A solution to this limitation is to calculate indirect light in a
pre-processing phase (only for static objects and surfaces):
pre-calculated global illumination.
Lightmapping!
Lightmapping
Lightmapping is a technique used to store lighting information
into textures.
Lightmaps allows global illumination at a relatively low computational
cost.
Instead of lighting the entire scene in
real time, it pre-calculates all lighting
information offline, render it into
textures, and them use the textures
in real-time.
Lightmapping in Unity
To create a lightmap, Unity computes the entire light path
offline:
Lightmapping in Unity
Test scene:
Lightmapping in Unity
Baked Light configuration:
Static Geometry
The objects of the scene must be static:
Lightmapping in Unity
Real-Time Lightning vs. Lightmapped Scene:
There is no specular lighting in the lightmapped scene!
Real-Time Lightning
Lightmapped Scene
Lightmapping in Unity
Lightmapping Settings
Default resolution
Higher resolution
Indirect Light
With lightmapping we have indirect lighting.
Real-Time Lightning without Environment Lightning
Lightmapped Scene without Environment Lightning
Indirect Light
With lightmapping we have indirect lighting.
Real-Time Lightning without Environment Lightning
Lightmapped Scene without Environment Lightning
Indirect Light
With lightmapping we have indirect lighting.
Real-Time Lightning Emissive Surface
Lightmapped Scene Emissive Surface
Light Probes
Lightmaps only work for static objects. In order to apply the
baked lighting to dynamic objects we can use light probes.
A light probe is a point in space that stores information about
the lighting at that location.
While lightmaps store information about light hitting the surfaces,
light probes store information about light passing through a empty
space.
Placing Light Probes
Add a new group of light probes:
GameObject -> Light -> Light Probe Group
Unlike lightmaps, the resolution of the light probe information
is entirely defined by how closely packed the probes are
positioned.
Usually you begins by involving the area that will contain dynamic
objects with the probes:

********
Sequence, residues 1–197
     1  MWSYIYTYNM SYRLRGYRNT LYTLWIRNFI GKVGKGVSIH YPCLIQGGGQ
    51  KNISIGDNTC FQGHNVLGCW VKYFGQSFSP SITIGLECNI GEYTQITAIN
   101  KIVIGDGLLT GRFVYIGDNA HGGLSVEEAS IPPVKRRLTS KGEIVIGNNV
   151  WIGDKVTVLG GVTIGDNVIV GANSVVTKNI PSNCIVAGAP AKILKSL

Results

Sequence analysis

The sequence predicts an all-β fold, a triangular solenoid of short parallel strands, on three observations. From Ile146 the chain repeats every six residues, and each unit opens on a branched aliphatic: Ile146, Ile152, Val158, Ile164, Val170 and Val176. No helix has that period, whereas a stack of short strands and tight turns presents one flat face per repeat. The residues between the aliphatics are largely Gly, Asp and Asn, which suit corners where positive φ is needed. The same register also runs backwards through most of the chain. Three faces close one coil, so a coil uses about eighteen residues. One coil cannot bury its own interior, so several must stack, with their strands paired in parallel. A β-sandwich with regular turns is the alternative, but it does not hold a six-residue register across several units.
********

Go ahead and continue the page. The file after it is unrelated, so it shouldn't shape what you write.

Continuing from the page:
Placing Light Probes
Then add more probes depending on how the lighting
conditions change.
Place as few light probes as possible. It is essential that you do not
place them inside static geometry.
Place then in a more condensed pattern around areas that have
complex or contrasting light.
Placing Light Probes
Even if the gameplay takes place on a 2D plane (for example,
cars driving around on a road surface), the light probes must
form a 3D volume.
Bad choice of light probe positions
Good choice of light probe positions
Placing Light Probes
Light probe positions must take into account that the lighting
will be interpolated between sets of probes.
Mixed Lighting
Lightmaps allow us to compute light offline.
Limitations: no specular lighting, no real-time shadows, and we need
light probes to influence dynamic objects.
Indirect light is the one thing that baked lighting has that real-
time lighting lacks, because it requires a lightmap.
Mixed lights allow indirect light to be combine it with real-
time lighting.
Of course this means that shading becomes more expensive.
Mixed Lighting
To use mixed lighting, the light’s mode
has to be set to Mixed.
The lightmap will only store indirect light
information.
Dynamic objects use the light probes to
compute indirect light.
Full Lightmap
Only indirect light
Mixed Lighting
With lightmapping we have indirect lighting.
Dynamic Object
Lightmapped Scene
Mixed Lighting Scene
Mixed Lighting
Mixed lighting is as much expensive as real-time lighting (it
We can improve this by including shadows into lightmaps:
In this mode, both the indirect lighting and the shadow
attenuation for mixed lights are stored in lightmaps.
Mixed Lighting
lighting.
Subtractive Mode provides the fast and lowest-quality results: it
renders shadows of dynamic object in real time for only one light, and
composites them with baked direct and indirect lighting.
Only recommended for platforms that are unable to use any
of the other modes.
Limitations:
No specular lighting;
Dynamic shadows only for one Directional Light
Realtime Global Illumination
Lightmapping works very well for static geometry, but it
cannot deal with dynamic lights (like the sun traveling across
the sky).
To support real-time global illumination, Unity uses
the Enlighten system (developed by SiliconStudio).
It still requires a precomputation phase similar to the
lightmapping process, and it is still limited to static
objects.
It precomputes all possible light bounces in the scene
and encodes this information for use at runtime.
Realtime Global Illumination
Enlighten System:
Realtime Global Illumination
Realtime global illumination can be enabled independent of
baked lighting. In addition, the Light Mode must be set to
Realtime.
Realtime Global Illumination
Realtime Global Illumination can also be used for static
objects that emit light. This makes it possible to vary their
emission with matching realtime indirect light.
Realtime Global Illumination
Precomputed Realtime Global Illumination also has the
limitation that only static objects can be included in the
precomputation (moving objects cannot bounce light onto
other objects).
However, they can still pick up bounce light from static objects using
Light Probes.
Moving ambulance without indirect light
Moving ambulance with indirect light from light probes
Exercise 1
1
morgue room scene.
The scene must have:
Emissive ceiling lights;
Indirect lighting;
Base Scene: https://edirlei.com/aulas/cg/morgue_room.zip
Hughes, J. F., et al. (2013). Computer Graphics: Principles